Certain industries are notorious for the kind of company culture that they cultivate. Hedge funds on Wall Street are known for fostering an extreme form of cut-throat competitiveness supposedly in order to drive productivity. By contrast, places like social work organizations tend to be more collaborative. Most workplaces will fall somewhere in between these two poles. The thing about these two cultures is that they both carry downsides that can impact the long-term health of your business. Highly competitive workplace environments bring out excellence and top-notch results, but they also encourage people to undercut and back-stab each other in an effort to be the best. Egalitarian businesses foster creativity, collaboration, and empathy, but they can also suffer from weak leadership and low productivity.
As the owner, it is up to you to find a good balance that encourages excellence while still promoting a sense belonging to a team. Your employees will only move in the direction that you lead them in – the culture of your workplace starts at the top and trickles down from there. If your workplace suffers from nepotism, mistrust and internecine fighting, that is YOUR fault. You are the captain of your ship, and it is your responsibility to lead in a way that empowers your employees and rewards merit.
Setting the right tone for your business is a daunting task for those unfamiliar with how to go about it. Fortunately, there are a few simple yet powerful steps that you can take to grow your business with the right behaviours and mindset, so that it will blossom into something greater.
1) Never play favourites
We get it: you get along with some people better than others. It’s only natural that you’ll align with certain personality types better, but that does not excuse or justify treating them better than other people. When you allow subjective factors like that to influence who you hire and promote, you undermine the integrity of your workplace and show that competence and merit are not valued or rewarded. Businesses that suffer from backstabbers and “brown-nosers” are almost always guilty of violating this rule. Don’t make somebody a manager just because they’re your friend or family member. Let a person’s work ethic and performance be the sole dictating factor in their promotion, and that focus on excellence will work its way down to the lowest employees in your company.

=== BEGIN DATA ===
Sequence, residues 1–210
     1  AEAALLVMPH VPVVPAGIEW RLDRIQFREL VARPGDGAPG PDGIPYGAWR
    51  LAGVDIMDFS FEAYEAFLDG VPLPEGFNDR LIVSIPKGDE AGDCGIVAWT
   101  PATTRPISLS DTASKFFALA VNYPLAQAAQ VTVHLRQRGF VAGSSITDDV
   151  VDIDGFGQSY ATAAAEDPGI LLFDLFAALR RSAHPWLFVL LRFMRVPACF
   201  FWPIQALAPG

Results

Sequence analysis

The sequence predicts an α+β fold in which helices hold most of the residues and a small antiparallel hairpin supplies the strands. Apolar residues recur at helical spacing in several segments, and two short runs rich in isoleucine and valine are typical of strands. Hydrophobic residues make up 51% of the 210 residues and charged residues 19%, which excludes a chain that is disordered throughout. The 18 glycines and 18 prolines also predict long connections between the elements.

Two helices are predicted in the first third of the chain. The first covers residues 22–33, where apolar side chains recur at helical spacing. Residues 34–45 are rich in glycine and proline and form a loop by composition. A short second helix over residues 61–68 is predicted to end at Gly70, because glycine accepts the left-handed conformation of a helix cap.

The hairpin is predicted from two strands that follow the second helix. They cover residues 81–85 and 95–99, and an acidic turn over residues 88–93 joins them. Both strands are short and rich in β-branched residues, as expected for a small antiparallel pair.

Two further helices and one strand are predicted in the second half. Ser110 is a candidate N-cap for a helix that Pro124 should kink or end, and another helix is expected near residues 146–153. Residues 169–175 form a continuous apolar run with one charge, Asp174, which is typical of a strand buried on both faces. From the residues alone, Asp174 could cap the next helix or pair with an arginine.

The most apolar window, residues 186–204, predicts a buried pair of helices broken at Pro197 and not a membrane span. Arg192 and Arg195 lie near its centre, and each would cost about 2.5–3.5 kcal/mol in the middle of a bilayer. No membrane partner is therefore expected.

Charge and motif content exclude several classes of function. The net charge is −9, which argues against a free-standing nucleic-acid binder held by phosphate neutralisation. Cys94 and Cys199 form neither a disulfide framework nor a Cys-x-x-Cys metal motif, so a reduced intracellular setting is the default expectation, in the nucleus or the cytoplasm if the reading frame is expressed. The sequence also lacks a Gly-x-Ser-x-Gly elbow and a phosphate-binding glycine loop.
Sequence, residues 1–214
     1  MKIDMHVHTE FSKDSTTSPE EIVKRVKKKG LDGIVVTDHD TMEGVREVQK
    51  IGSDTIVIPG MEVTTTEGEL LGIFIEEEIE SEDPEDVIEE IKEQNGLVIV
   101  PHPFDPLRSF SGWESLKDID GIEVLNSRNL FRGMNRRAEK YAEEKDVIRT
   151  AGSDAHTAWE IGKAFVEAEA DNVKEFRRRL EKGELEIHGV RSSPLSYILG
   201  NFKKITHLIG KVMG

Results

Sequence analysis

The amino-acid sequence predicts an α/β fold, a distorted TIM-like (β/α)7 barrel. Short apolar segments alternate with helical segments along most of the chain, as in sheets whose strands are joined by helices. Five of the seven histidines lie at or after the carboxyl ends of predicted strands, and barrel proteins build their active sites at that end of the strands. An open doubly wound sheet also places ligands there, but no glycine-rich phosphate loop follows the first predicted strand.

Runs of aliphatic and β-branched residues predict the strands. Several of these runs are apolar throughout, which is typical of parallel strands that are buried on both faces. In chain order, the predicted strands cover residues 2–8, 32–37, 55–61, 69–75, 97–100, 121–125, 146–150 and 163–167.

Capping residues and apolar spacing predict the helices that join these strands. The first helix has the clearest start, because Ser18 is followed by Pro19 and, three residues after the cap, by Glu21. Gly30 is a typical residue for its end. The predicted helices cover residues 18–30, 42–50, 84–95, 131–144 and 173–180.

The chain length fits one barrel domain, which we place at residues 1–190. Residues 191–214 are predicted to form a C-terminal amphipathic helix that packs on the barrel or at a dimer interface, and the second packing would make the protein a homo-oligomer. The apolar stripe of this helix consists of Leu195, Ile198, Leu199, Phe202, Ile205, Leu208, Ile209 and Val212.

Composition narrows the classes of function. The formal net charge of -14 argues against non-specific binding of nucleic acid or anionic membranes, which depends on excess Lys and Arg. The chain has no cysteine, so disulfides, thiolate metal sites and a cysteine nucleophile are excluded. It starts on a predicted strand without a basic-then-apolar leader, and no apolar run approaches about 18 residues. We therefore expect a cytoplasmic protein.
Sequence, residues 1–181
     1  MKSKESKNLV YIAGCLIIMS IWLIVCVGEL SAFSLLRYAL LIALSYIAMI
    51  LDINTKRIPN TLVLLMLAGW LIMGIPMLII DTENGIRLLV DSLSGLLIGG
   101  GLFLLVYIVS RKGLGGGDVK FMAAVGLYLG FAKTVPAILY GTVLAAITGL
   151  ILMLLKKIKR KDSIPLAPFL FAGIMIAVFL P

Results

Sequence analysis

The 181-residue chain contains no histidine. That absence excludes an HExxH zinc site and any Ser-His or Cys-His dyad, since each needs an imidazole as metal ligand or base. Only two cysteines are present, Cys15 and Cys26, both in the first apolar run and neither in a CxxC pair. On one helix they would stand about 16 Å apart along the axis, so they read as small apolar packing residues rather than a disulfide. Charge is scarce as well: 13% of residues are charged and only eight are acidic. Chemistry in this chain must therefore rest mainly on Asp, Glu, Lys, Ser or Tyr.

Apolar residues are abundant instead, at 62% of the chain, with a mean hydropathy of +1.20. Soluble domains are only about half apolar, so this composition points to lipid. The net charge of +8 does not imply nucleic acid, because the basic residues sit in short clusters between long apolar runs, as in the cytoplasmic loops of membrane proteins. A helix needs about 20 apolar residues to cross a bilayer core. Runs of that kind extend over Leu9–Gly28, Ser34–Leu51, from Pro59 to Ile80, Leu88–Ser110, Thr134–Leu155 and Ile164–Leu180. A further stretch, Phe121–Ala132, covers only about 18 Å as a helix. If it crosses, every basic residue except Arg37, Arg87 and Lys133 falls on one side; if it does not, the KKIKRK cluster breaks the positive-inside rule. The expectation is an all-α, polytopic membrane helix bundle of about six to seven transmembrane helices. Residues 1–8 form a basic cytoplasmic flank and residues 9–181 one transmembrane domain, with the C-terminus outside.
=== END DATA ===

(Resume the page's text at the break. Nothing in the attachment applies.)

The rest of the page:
2) Hold yourself to the highest standard
You set the tone of your workplace. Your employees will follow your lead, and the standard you set for yourself will be the standard that your employees ultimately hold themselves to. If you ask your employees to perform a particularly dirty task, be the first to do it yourself. If you ask your employees to stay late, don’t hesitate to do so yourself when the times call for it. If you demand that your employees keep their smartphones off of the floor, don’t check your text messages every five minutes. If you hold them to a different standard than what you hold yourself to, you will lose your respect and credibility as a leader.
3) Set goals and follow up, but acknowledge success
Employees do not start off apathetic and unmotivated. In most cases, a failure of leadership has led that person to become disengaged with their job. Preventing that process from beginning is accomplished by setting clear goals while still empowering the employee to achieve them. People will take pride in what they do if they know that they are recognized by management for what they do. Set a target for your team and hold them accountable to it, but make sure to give them ample feedback along the way.
If your employees know that you are paying attention to what they do and entrusting them to perform at their best, they will go above and beyond what is expected of them. A worker without aim is an unproductive and unhappy one, but one that is micromanaged will begin to doubt their own abilities and self-worth. Find the right balance between the two, and you’ll be amazed at what your employees will accomplish.